In July 1974, the Victorian Education Department’s Technical Schools Division chose Preston Technical College to undertake the planning of a model Library Resource Centre (LRC) for TAFE.
The College established a working party with representatives from teaching departments, the existing library, staff development, resources and planning units. For more than twelve months the Working Party met to clarify the philosophy of the proposed LRC and the northern metropolitan TAFE region. The group studied all submissions and data placed before it, and considered the present and future needs of students in an educational setting. Likely changes to the methods of delivery of TAFE programs were also considered, and the needs of students were of primary importance.
The result was the L J Watts Learning Resource Centre (now commonly known as the Preston Campus Library), which became a model facility for TAFE and was regularly visited by professionals wishing to develop their own service along similar lines.
The model Learning Resource Centre was named in honour of the contribution to technical education made by Mr L J Watts, who entered the technical schools field as a teacher at Preston Technical School in 1937, its first year of operation, and later taught at Preston Technical College in 1956. His contribution to curriculum development, classroom teaching methods and student assessment enhanced many lives and he became an inspector of Technical Schools in the late 1950’s. His name lives on in the magnificent Learning Resource Centre at NMIT.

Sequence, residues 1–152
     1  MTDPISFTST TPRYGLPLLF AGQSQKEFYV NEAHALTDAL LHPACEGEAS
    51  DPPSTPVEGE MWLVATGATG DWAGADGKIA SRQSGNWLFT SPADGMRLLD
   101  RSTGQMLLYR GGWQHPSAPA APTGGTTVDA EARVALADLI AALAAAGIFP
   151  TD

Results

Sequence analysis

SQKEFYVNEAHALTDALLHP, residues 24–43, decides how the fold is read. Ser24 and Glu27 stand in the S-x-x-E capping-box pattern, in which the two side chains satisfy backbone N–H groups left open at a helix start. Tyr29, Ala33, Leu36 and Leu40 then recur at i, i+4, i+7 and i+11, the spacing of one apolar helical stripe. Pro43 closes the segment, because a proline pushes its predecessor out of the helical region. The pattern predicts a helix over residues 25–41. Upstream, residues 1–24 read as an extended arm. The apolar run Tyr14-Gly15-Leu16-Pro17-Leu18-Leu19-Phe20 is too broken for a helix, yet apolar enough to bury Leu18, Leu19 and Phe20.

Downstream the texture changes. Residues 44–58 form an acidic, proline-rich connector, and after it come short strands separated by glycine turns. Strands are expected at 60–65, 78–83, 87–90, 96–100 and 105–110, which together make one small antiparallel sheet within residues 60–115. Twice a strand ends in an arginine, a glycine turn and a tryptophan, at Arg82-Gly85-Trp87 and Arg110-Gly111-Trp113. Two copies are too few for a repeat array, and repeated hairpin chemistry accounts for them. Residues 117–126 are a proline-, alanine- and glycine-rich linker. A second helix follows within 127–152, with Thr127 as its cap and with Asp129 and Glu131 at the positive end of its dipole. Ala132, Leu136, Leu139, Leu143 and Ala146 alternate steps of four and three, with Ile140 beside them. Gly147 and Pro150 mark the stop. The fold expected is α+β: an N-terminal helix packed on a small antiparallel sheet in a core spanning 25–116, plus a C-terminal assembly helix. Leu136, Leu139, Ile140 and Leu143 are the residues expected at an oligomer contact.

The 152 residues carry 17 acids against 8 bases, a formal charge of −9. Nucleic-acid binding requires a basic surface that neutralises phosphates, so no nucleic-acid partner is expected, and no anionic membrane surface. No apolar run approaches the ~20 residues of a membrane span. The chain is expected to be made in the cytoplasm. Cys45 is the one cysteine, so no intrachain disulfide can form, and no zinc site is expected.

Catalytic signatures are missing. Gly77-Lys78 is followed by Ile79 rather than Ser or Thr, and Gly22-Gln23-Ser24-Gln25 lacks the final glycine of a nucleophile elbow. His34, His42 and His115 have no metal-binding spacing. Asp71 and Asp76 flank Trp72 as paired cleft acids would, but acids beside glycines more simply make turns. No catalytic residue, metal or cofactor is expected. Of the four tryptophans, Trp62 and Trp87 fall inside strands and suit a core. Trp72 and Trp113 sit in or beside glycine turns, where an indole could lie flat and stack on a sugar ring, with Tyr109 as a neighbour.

The LRC incorporated a huge area with flexible open spaces that could respond to change and was designed to have a ‘craypot’ effect, spreading out from the front, ground floor, leading students ever deeper into the building where they would find the resources or spaces they needed.
Compared to the inadequate library facilities available in other TAFE institutions at the time, it was an exceptionally generous design with facilities for staff development, teaching and viewing rooms, administrative offices, and educational technology studios for television production, photography, art and design, audio and TV recording and maintenance and repair of equipment.
Finally teachers had the facilities they needed to prepare high quality teaching aids and to tailor their programs to meet individual needs in a wide range of courses. The facility also reflected the importance of providing librarians with sufficient resources to enable them to curate ever increasing specialised educational resources.
The LRC also included a unique mobile library that serviced over 30 access points, used by the Northside Learning Network in the region. The Mobile Librarian took books, tapes, videotapes, notes and equipment including typewriters, computers and video units to community based classes in learning centres, neighbourhood houses, community centres, a sheltered workshop and health centres. This service was a lifeline to college-provided community classes and the mobile library visited each class fortnightly.
An introduction to the L.J. Watts Learning Resources Centre: Preston Technical College 1979.
Staff interviews and recollections.